The eminent hurling statistician Leo McGough came up with some bracing figures recently. Back in 1995, the average championship match yielded an aggregate scoreline of 4-26. In 2005 it was 3-33. Last year it was 3-36. This year it’s been 3-42. That’s a 50% increase in the number of scores in the space of a quarter of a century. Off the scale. Off the wall.
The opening 10 minutes of the Limerick-Cork All-Ireland semi-final saw 10 points and six wides: 16 shots, plus a hook on Patrick Horgan as he was winding up. The first-half of the game saw 27 scores, 16 wides and a couple of efforts that dropped short.
As Donal O’Grady observed on The Sunday Game that night, this was the stuff of a Centre Court rally at Wimbledon. Or basketball; my turn to attack, now your turn, now my turn. Hurling as computer game. A point from the middle of the field used to be an achievement. Now it’s commonplace. Too commonplace.
Is this actually a good thing? Is there any putting the genie back in the bottle? To Paudie Butler, the former director of hurling, the game has become more about percentages than ever before.
Yet hurling “needs goals”. Butler is adamant about that. It also needs goalscorers, wherein lies the rub. “You still need to be very brave to get a goal. You have to want to take punishment.”
The rise of the sweeper is one reason for the decline in goals — and concomitantly, Butler suggests, the increase in points. (“A sweeper concedes points when you don’t want to concede goals.”)
The biggest factor, however, he deems to be the range of the sliotar.
Would first-time hurling be a way of turning the clock back and opening up defences? In theory it would, Butler believes, if only enough people would take the bull by the horns and risk being gored. Go back to the 2013 National League final, when Kieran Bergin pulled overhead on the sliotar — and sent it straight across the field to his opposite number Kieran Joyce, who promptly put it over the Tipperary bar. Eeeek. Giving away possession: the ultimate contemporary sin.
“We need somebody who’d take the hit for the one miss. Somebody who will be punished and will do it again. We need more people doing it again. Otherwise we dry up. A random pull takes place, it doesn’t work and the poor man who hit it is left cringing. We curtail the people who’d pull naturally.
Here’s a good quote from DJ Carey. “The only bad ball to a forward is the one that doesn’t come.” Why doesn’t that ball come? A common cause, according to Martin Fogarty, the current National Hurling Development Manager, is a constricted palette.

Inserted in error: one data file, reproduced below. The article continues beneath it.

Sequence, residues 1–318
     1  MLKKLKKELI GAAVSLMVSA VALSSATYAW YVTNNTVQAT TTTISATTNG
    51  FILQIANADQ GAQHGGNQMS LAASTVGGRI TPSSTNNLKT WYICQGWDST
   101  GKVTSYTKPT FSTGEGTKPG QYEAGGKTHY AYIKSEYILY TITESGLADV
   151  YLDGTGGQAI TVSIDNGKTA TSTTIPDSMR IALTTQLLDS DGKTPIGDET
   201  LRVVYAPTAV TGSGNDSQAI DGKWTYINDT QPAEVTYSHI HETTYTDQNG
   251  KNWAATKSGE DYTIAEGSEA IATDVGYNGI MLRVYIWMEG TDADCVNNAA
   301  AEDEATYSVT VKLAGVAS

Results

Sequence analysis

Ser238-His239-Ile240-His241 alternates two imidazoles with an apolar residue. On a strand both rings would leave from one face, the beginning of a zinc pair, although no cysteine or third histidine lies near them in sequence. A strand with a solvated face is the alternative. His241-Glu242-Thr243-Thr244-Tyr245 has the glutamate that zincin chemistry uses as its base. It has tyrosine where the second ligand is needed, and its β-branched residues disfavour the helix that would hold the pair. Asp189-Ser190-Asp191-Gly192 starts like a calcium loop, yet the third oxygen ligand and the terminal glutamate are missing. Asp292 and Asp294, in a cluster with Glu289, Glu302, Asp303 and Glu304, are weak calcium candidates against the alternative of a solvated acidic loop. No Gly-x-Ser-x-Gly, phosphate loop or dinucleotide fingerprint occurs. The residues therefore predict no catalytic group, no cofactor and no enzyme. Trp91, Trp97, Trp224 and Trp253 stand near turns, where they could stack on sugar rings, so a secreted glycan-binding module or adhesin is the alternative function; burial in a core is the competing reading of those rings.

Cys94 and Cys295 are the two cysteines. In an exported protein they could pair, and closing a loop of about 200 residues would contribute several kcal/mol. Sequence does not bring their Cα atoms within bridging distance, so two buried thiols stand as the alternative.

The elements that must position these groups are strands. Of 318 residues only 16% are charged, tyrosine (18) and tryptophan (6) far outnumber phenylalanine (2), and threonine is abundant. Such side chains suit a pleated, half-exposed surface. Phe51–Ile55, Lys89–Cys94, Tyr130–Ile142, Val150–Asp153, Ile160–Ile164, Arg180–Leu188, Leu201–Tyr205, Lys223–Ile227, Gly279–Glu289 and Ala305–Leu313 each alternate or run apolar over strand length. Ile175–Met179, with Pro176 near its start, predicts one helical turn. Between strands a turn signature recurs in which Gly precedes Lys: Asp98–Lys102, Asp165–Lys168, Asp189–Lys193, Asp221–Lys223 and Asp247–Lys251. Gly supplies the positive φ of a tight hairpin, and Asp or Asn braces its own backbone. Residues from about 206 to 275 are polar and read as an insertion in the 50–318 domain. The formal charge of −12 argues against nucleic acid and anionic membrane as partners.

“Be proficient in all the skills. You never see a golfer with three clubs. Every skill you have is like a club in the bag. There’s a time to know when to use it or not. Quick striking opens up the game and doesn’t give a defender time to get with the forward. When the chance comes you have to be able to strike the sliotar on the ground. Like Brian Corcoran opening his bag against Waterford with the drop shot that time.
“You’re being dominated in the air? Pull overhead and move the ball on. It’s an extra bullet in the chamber. Okay, a guy strikes it on the ground and it goes to the opposition and he gets given out to. I’d make the case that if players rise it, they can get dispossessed anyway, so why not pull first time? But until a couple of coaches decide otherwise, the situation is going to remain the same.”
What else can be done?
Martin Fogarty deplores the “worrying fad” of short hurleys that don’t reach the ground.
Paudie Butler suggests modifying the sliotar. “The ball travels too far. That’s for sure. I hope they deal with it. Cut it down by 15 to 20% in distance. That would bring back centrefield play significantly. You may have to go for a goal then. I don’t know if points from 100 metres are of any value to the game. Golf has suffered the same way from power drivers.”
Eamon O’Shea, being an economist and thus intrigued by the way in which incentives can change behaviour — Nudge Theory and all of that — reckons that increasing the value of a goal to four points “might be worth trialling”. Barring that, he adds, try picking creative players and encouraging unstructured lines of attack.
Creative players like Lar Corbett, a free spirit if ever there was one. When will we see the next Lar?
Sorry, wrong question. The real question is, will hurling’s evolution allow us to see another Lar?